The last few things I want to talk about include spoilers so be warned. I want to come back quickly to that idea of emotional heartache this season and I have to give extra props to Jessica Parker Kennedy for her performance during these pivotal scenes. The one scene in particular that stuck out to me was towards the end of the season after it was outed that Nora had been working with Eobard Thawne to go back in time and stop Cicada. After Barry decides that he can’t trust her any more, he runs her back to the future and tells her to stay there and to not come back. While Grant Gustin did a decent job conveying his pain and betrayal in this scene, it was Jessica that stole the show. With every single word she said you could feel the pain of a young woman who grew up never knowing her father finding a way to meet and connect with him only to be tossed away because of one poor decision that she unwittingly made. After watching this emotional scene I had to pause the show for a minute to fully comprehend the severity of the moment and to appreciate the phenomenal way it was delivered.
Continuing on with the thought from earlier regarding a view on the meta impact on the every-day citizen’s life, I liked how this theme continued as an overarching plot point throughout the season. The latter season story arch regarding the finding of a metahuman cure felt like it actually felt weight and posed a crucial question as to whether this should even exist or not (even if it did give me X-Men: The Last Stand flashbacks). The writing as a whole this season felt as is if there were no throwaway lines, that everything that everyone had said was carefully and deliberately chosen so as to be referenced back later in the season.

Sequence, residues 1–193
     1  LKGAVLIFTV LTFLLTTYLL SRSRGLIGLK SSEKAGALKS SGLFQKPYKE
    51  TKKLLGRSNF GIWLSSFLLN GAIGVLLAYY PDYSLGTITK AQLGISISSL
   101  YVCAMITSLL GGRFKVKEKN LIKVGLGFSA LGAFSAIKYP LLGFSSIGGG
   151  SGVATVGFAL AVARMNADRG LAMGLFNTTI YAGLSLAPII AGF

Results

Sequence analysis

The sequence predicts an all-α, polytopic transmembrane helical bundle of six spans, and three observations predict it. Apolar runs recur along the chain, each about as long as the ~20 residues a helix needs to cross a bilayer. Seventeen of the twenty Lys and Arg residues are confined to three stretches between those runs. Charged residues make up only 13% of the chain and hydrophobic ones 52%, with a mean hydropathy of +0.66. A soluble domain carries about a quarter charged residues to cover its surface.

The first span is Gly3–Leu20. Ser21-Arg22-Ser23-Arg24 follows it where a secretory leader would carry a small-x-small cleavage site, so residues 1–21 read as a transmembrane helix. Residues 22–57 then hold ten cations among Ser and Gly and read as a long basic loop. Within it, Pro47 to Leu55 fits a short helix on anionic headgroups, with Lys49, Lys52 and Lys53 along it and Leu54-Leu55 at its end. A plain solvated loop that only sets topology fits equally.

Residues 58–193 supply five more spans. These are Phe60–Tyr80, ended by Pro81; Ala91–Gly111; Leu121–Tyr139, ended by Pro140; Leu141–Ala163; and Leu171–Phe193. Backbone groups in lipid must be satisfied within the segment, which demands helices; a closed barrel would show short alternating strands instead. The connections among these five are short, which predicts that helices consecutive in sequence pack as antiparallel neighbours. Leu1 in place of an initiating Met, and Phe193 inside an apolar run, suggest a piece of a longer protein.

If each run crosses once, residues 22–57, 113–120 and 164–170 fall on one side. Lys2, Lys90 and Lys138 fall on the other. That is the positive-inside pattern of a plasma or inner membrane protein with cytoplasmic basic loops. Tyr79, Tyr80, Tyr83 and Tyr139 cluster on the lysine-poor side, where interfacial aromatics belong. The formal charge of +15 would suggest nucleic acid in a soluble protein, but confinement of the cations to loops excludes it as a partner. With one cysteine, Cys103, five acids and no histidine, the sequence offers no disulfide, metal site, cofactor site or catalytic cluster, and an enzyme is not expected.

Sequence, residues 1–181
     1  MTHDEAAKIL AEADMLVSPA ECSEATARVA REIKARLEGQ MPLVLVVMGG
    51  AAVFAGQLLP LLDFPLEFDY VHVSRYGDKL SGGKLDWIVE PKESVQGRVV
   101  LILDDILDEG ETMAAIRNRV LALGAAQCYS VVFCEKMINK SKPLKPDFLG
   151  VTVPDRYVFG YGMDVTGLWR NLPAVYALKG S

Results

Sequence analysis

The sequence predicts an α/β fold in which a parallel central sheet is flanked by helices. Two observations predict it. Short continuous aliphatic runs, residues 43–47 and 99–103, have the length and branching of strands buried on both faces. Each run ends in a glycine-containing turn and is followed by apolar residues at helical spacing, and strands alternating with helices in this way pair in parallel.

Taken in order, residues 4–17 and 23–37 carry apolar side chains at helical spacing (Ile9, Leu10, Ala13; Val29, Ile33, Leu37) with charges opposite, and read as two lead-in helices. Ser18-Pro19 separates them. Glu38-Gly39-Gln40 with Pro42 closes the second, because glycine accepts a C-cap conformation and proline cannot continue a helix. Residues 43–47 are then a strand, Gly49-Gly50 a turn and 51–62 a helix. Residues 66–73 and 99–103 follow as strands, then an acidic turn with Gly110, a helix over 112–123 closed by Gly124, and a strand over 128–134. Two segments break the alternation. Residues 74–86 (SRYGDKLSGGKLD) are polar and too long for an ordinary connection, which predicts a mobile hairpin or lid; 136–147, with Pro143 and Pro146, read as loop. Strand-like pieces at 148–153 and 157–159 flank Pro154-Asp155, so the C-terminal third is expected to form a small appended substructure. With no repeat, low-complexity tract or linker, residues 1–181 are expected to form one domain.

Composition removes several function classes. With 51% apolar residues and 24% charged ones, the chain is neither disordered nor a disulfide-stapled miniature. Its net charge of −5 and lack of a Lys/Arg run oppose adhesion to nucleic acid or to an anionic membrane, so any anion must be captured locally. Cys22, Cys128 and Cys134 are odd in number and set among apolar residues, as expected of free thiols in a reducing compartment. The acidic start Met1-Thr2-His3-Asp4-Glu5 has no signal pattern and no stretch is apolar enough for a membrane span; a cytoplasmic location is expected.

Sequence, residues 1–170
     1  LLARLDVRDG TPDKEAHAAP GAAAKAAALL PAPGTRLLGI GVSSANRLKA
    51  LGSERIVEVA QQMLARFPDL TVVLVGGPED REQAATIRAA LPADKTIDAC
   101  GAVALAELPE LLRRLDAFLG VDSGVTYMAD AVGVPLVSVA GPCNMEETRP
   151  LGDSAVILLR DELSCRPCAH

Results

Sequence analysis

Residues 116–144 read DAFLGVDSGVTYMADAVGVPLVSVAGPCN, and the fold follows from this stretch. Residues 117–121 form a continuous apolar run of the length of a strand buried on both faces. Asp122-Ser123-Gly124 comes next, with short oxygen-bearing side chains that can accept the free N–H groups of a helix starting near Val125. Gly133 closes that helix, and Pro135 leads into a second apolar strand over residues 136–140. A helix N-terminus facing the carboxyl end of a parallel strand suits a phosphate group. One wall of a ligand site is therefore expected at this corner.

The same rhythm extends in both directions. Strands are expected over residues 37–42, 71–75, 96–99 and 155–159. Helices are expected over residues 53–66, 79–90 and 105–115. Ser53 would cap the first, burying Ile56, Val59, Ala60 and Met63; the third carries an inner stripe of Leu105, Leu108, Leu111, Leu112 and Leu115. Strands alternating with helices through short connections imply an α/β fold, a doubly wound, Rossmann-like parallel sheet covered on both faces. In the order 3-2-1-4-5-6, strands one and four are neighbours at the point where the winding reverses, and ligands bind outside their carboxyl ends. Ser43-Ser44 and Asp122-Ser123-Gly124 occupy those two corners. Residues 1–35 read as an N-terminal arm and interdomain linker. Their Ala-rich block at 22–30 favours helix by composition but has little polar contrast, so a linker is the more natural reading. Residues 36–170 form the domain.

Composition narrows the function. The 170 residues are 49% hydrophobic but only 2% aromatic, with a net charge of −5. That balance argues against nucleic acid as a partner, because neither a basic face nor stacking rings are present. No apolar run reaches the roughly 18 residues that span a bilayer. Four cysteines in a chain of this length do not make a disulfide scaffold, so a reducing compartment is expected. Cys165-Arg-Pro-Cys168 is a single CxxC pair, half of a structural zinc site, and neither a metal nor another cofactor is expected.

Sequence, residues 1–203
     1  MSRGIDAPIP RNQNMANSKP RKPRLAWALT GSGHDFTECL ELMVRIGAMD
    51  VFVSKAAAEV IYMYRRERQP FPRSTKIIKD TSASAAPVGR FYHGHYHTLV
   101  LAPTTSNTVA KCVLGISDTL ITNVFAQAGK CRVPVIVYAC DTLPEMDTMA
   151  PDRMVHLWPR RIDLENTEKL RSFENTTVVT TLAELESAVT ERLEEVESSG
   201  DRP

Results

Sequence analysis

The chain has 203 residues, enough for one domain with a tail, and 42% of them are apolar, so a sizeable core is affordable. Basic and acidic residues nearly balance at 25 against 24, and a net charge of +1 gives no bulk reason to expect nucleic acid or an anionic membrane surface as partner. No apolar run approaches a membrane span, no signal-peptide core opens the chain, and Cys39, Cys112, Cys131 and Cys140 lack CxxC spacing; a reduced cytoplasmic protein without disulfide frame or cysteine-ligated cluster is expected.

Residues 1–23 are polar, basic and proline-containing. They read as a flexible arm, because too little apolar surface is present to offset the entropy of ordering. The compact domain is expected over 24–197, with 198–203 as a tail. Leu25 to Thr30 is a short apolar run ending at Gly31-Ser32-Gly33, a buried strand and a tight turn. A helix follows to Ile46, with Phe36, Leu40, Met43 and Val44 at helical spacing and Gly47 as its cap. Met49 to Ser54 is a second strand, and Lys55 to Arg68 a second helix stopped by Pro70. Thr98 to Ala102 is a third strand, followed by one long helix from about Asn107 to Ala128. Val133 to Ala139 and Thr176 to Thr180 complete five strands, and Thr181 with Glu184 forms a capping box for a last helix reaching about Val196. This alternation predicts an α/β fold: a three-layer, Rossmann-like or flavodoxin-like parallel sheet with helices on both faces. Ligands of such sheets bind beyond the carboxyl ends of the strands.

One of the few areas this season I felt a little disappointed in was with the finale. The season ends with Nora being wiped from existence, Eobard escaping prison, and the headline alluded to the entire season where Barry disappears during Crisis changing dates from 2022 to 2019. It just felt like the season wasn’t really building to anything at that point except for Crisis. I know that Crisis on Infinite Earths is going to be a massive, Arrowverse shattering event, but the way this season ended it felt like there won’t really be anything for Team Flash to do come the start of Season 6. The season isn’t going to just start with Crisis, so what do we have to look forward to at the start of the new season?
Overall I thoroughly enjoyed this season of The Flash. The writing this season I felt was the best it had been in years, despite a few hiccups here and there and the feeling of being rushed on occasion. The acting was absolutely top-notch which is surprising giving the overall campiness of the show. Other than Crisis I don’t know what’s in store for this show, but I’m sure as hell excited to find out.